With the Coronavirus now directly or indirectly affecting people in over one hundred countries, the cancellation of a trade show such as NAB is minor news.
None the less, with the cancellation of NAB, I wanted to pose the question ‘Are trade shows still relevant?’ Many people are probably wondering why it took NAB so long to cancel the show. Well, it probably was due to two main reasons:
- Fear of irrelevance
Money is always going to be a primary reason for not wanting to cancel anything. NAB usually has around 100,000 attendees from more than 160 countries. There are more than 1,600 exhibitors and it generates up to $20.2 Billion USD in purchasing power.
This is not to mention all of the money that gets spent in Las Vegas by attendees and exhibitors. Cancellations affect everyone from the person who was making sandwiches at a food stall, to companies who lose a lot of money in an abandoned investment.
In no way should money ever become more important than people’s health and doing the right thing. Ultimately NAB made a responsible decision by canceling the show.
Fear of irrelevance
What NAB, and this probably goes for a lot of other trade shows as well, fear the most, is becoming irrelevant. With NAB now not going ahead, companies are being forced to change marketing strategies and move a lot of what they do online. What trade shows like NAB fear, is that if online presentations turn out to be successful will more and more companies start shying away from attending trade shows?
It is certainly a legitimate fear. The first NAB Show was held in 1923 in New York and it has been ongoing now for almost 100 years.
NAB has managed to adapt and evolve over time. Yes, there aren’t nearly as many announcements being made at NAB these days, but that is more to do with company strategy than anything else. The strategy these days is to announce a product prior to a show so you drum up interest for people to attend and see it for the first time.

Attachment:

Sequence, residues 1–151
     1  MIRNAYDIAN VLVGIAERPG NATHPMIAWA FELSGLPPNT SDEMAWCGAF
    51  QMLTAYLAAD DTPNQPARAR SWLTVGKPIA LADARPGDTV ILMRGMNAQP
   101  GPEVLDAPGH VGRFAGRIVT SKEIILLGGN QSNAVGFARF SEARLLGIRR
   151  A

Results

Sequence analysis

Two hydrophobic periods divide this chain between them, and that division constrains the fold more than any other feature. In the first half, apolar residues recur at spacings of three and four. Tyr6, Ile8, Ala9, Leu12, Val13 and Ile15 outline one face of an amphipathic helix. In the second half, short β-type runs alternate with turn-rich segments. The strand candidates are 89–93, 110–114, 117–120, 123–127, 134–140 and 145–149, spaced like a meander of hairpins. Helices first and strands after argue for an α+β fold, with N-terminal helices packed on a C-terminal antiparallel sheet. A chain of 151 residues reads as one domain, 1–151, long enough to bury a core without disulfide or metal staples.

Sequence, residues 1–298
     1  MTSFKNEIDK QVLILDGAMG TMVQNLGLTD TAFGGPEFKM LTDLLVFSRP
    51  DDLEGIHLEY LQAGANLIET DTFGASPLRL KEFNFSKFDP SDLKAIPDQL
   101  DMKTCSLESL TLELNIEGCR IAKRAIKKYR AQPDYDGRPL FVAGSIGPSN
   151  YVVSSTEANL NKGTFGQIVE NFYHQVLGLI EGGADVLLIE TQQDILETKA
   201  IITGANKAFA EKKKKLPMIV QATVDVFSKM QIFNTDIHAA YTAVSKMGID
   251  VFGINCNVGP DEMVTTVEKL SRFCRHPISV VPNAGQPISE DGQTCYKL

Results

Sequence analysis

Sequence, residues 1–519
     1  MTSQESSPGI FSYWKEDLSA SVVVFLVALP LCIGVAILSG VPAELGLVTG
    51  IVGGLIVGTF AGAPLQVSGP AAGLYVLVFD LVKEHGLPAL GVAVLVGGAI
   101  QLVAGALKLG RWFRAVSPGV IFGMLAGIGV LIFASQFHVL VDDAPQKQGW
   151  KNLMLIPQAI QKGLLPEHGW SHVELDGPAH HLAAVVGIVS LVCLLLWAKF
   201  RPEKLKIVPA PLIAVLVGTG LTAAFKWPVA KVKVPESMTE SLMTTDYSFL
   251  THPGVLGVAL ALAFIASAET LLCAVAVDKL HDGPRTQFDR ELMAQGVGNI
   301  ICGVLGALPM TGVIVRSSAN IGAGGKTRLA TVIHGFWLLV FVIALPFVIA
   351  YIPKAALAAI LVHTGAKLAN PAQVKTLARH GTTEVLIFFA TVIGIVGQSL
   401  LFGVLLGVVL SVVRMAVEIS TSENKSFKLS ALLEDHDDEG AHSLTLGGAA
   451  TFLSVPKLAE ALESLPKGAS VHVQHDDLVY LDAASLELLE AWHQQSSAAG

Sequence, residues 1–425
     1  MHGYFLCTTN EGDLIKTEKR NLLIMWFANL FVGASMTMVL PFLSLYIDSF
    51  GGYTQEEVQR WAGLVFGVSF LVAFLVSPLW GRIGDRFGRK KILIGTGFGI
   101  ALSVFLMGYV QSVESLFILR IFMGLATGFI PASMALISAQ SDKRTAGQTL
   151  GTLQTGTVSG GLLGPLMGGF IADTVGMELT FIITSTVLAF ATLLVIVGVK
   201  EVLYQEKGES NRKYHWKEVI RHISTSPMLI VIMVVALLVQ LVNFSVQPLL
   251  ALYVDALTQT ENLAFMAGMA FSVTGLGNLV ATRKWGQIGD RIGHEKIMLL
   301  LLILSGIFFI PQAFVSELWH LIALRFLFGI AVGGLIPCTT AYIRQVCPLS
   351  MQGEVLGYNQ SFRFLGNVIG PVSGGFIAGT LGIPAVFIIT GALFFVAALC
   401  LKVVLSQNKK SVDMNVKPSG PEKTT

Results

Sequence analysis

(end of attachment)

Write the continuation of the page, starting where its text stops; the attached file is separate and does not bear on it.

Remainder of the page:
The problem in the past with making a product announcement at the show was that multiple companies were making big announcements at the same time and you product could be overshadowed by someone else’s.
I think Blackmagic had a lot to do with this, especially when they started announcing cameras at the show. As they were stealing all the limelight, other companies announcements were getting overshadowed so we saw a move towards pre-announcing products before trade shows.
What is interesting is that Blackmagic in recent years has moved towards doing online live stream announcements of its products. Blackmagic has always been an innovative company and I think their way of marketing in recent years is probably a precursor to how a lot of other companies will now start to do things.
This is something I think we will be seeing a lot more of, especially in lew of the NAB cancellation.
Just today, Sony announced that they will be live streaming their press conference at the same time as their scheduled event was going to take place at NAB. Sony will have an online press conference at 9:00 am PST on Monday, April 20, 2020.
For Sony at least, they already have had the live stream in place for many years from NAB. The only difference is that this year, there won’t be able to show any new products to a wide audience in person.